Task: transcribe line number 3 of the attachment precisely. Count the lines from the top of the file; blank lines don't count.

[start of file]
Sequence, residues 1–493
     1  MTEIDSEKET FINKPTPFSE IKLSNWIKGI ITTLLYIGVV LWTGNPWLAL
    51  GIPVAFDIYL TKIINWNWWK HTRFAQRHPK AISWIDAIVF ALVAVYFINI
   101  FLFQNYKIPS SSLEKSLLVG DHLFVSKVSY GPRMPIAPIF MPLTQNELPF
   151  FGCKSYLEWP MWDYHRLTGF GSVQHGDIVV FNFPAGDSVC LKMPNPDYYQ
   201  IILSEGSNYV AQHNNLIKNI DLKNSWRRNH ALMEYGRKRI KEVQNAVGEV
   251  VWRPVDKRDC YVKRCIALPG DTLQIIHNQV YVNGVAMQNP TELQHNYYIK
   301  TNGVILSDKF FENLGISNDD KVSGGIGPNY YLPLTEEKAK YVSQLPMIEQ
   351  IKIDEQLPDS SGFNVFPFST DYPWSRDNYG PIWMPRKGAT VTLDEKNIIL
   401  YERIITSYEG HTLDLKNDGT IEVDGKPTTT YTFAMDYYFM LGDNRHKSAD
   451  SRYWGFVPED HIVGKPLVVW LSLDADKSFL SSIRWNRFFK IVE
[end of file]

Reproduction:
    51  GIPVAFDIYL TKIINWNWWK HTRFAQRHPK AISWIDAIVF ALVAVYFINI